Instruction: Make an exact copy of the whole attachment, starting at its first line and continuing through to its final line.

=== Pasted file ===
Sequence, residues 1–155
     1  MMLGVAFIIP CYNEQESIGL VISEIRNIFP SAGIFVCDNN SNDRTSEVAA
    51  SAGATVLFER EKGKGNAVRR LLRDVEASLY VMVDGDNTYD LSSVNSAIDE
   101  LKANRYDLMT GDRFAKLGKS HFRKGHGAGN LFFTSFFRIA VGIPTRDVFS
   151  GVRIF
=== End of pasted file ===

Sequence, residues 1–155
     1  MMLGVAFIIP CYNEQESIGL VISEIRNIFP SAGIFVCDNN SNDRTSEVAA
    51  SAGATVLFER EKGKGNAVRR LLRDVEASLY VMVDGDNTYD LSSVNSAIDE
   101  LKANRYDLMT GDRFAKLGKS HFRKGHGAGN LFFTSFFRIA VGIPTRDVFS
   151  GVRIF